Monday, May 18, 2015

A Day in the Life of a Writer

This post is not because I think my life is so super interesting, but rather because lately I've been wondering what other writers' days look like. And in my wonderings, I started looking at my own days.

My hope is that this post will spark others who blog to capture what An Ordinary Life of a _______ looks like. [Insert: plumber, ballerina, lawyer, landscape artist, et cetera.] There are always people who are interested in your lifestyle choices and how it works for you on a daily basis.

For instance, when I home-schooled my children, I poured over home-schooling/creativity blogs to gather ideas of what to do with my own kids at home.

Maybe it's because we are all voyeuristic and nosy, but the fly-on-the-wall-cam is one most people I know would sneak peeks at from time to time.

So, without further adieu, here's what last Friday looked like for me:

  • alarm rang at 6:10 a.m.; hit snooze twice
  • let dogs out; woke son for school
  • showered and dressed
  • fed dogs
  • made lunches for three people
  • checked the garden to see if it needed water
  • made myself tea and toast; checked emails
Okay, that was the boring part. Here's where it gets more writer-ly:
  • drove my son to school, then went to a coffee shop to meet a friend for chatting
  • read a couple blog posts and articles; re-posted them on my author social media sites
  • opened up Scrivener files and wrote on novel manuscript while I waited for my friend--1000 new words!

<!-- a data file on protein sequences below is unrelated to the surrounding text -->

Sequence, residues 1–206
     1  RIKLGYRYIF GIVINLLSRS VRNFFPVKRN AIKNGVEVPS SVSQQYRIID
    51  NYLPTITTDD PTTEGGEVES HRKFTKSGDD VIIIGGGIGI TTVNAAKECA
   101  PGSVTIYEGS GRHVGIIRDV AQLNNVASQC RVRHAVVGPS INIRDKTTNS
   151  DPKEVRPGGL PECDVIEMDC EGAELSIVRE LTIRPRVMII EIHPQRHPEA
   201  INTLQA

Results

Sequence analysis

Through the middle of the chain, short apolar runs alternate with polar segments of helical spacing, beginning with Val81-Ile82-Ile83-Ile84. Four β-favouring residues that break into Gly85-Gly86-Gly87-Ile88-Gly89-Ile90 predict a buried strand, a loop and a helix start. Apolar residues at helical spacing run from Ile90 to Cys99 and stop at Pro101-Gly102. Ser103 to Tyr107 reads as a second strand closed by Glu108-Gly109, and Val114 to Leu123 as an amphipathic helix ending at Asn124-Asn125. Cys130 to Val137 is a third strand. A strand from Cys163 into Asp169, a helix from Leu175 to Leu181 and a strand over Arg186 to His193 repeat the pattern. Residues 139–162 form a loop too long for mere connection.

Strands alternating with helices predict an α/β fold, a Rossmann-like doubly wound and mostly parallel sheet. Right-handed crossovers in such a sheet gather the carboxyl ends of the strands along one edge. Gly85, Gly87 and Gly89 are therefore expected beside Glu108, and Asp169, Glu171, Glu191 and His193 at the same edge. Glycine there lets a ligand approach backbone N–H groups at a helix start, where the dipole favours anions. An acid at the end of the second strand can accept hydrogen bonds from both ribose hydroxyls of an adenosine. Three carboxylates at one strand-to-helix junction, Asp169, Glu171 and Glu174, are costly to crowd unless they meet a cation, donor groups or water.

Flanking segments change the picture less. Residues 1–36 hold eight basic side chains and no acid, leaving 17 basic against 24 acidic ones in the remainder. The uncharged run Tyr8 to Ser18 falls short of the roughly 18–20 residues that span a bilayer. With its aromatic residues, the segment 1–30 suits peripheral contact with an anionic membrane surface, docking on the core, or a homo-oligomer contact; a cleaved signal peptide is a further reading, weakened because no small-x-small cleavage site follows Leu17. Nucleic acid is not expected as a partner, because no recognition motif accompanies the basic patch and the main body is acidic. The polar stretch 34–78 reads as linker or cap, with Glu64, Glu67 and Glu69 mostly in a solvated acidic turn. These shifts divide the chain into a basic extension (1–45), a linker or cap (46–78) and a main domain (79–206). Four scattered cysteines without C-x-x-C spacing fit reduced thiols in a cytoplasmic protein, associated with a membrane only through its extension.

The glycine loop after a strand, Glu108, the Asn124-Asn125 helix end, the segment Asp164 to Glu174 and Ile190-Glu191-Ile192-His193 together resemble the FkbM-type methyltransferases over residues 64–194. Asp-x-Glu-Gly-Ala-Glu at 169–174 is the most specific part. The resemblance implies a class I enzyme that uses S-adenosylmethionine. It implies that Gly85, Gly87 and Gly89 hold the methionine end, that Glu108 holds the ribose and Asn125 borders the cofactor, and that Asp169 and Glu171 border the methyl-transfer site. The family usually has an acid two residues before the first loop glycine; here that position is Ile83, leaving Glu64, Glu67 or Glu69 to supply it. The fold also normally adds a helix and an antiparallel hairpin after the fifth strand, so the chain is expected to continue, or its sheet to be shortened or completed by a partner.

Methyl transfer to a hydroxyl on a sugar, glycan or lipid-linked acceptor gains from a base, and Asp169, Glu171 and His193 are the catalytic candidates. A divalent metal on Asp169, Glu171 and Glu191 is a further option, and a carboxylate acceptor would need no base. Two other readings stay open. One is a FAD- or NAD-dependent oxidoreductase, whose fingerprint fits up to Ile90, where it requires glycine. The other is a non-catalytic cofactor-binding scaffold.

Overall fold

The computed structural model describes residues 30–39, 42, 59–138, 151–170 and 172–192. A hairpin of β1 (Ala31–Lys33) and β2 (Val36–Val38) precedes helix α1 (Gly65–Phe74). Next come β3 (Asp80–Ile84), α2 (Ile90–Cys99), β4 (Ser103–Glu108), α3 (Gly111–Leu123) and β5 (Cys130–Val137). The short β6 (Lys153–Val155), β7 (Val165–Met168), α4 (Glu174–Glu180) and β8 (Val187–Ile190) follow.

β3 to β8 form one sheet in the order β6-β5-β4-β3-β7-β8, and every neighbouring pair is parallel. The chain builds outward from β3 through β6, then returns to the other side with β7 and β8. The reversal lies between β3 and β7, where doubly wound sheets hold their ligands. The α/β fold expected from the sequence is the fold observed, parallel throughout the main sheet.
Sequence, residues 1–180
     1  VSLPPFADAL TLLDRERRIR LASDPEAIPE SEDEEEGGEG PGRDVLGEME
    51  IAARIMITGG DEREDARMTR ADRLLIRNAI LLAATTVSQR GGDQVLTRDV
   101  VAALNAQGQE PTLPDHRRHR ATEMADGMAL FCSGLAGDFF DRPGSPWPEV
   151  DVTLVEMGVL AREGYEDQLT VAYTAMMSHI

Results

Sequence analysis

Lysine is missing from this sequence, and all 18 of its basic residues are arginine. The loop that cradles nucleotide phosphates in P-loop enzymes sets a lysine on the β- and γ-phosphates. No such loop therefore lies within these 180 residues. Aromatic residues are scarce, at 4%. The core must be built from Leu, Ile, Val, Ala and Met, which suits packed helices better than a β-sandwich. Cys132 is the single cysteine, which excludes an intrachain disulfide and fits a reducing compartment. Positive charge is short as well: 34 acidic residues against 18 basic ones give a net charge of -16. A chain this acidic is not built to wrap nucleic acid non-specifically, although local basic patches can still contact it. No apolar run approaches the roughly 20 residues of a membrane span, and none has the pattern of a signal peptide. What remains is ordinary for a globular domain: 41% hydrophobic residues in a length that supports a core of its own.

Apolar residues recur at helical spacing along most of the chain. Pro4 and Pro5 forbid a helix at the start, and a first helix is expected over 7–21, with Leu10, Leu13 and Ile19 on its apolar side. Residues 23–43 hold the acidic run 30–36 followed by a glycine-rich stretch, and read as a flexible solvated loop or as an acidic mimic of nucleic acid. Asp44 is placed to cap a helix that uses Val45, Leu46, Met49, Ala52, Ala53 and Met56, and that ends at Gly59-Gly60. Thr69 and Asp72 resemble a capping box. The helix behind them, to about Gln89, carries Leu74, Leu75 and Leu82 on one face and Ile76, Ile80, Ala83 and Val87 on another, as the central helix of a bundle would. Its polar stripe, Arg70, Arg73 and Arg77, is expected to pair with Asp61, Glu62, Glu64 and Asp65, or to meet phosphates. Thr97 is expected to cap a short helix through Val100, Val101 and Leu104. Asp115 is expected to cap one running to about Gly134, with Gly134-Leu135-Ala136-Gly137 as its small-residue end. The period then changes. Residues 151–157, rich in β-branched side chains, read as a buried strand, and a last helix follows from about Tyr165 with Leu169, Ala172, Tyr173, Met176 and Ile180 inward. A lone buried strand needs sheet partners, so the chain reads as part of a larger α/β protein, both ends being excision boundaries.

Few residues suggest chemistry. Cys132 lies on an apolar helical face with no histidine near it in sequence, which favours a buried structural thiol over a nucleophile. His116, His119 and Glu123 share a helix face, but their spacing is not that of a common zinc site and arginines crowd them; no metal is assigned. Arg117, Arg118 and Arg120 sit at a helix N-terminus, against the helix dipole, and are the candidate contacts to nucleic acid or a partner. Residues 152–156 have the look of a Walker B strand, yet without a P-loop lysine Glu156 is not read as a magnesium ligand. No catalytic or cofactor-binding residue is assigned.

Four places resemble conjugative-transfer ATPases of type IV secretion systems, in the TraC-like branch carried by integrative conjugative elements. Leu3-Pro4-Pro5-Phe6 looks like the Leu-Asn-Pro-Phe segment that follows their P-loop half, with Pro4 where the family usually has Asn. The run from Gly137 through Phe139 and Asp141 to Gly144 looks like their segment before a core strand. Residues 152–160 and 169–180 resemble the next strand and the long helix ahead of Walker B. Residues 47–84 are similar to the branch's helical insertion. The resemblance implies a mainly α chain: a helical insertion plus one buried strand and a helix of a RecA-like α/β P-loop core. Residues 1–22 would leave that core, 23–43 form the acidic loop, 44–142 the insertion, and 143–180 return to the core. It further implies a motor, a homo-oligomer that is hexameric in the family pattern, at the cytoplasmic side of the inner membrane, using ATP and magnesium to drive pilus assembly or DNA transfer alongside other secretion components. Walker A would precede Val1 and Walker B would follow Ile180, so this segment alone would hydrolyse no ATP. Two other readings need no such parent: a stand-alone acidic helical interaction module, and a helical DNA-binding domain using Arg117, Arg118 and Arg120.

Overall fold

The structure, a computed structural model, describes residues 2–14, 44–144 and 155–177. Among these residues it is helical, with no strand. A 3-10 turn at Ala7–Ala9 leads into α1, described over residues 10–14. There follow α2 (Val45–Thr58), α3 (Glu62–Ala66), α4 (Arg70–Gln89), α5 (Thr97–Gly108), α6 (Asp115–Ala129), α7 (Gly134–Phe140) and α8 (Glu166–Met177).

• visited with my friend for an hour
  • went home and snacked; read a magazine article and Facebooked a teeny bit (Honest!)
  • worked on a manuscript review for a client for two hours
I tried working in the office, but the dogs stood and stared at me until I joined them on the couch.

That was my "work" part of the day. Here's the crazy mom part: (Please note that my work day is considerably shorter than the crazy mom part, which begs the question, "If the majority of my day is spent doing one thing, how can I call myself another thing? I don't think my business cards would be as accepted if they said Valerie Willman, crazy mom.)
  • picked up my son and his friend from school
my son, the plague doctor

  • stopped at the farmer's market on the way home and picked up my raw juice order
  • when home, called the vet because one of the dogs ate my vitamins and supplements that I'd set out to take that morning, and forgot
  • vacuumed all the floors in the house--except my children's. You just don't go in there.
  • took a ten minute break with wine
  • greeted oldest child fresh home from school and watched them perform a dance routine they are learning at school
  • lead son and his friend in a snack-finding mission
  • unloaded and reloaded the dishwasher and wiped down the counters
  • fed the dogs
  • started dinner
  • texted with a friend trying to get a group of us to go to the movies that night
  • watched oldest child again (different dance routine section)
  • aided oldest child in snack mission
  • checked on dinner
  • started baking bread in the bread machine
  • contemplated mopping the muddy dog prints off the solid surface floors but yearned for the hot tub long enough that the urge to clean was mostly passed
  • swept the carport instead, and took out all the trashes
  • wondered if I should clean off the dining room table, but--it being 6:00 p.m.--decided I was too tired for anything boring like that and yearned for Netflix and Hulu alternatives.
  • Remembered the hot tub...and then that I was taking my oldest to a play a student friend was performing in, and that I still intended to henna my hair that night. Nix on the hot tub.
  • Drank more wine in hopes of an evening plan forming.
  • Acknowledged the swiss chard still needed to be prepped for dinner and silently whined to myself. I took another sip of whine--I mean wine.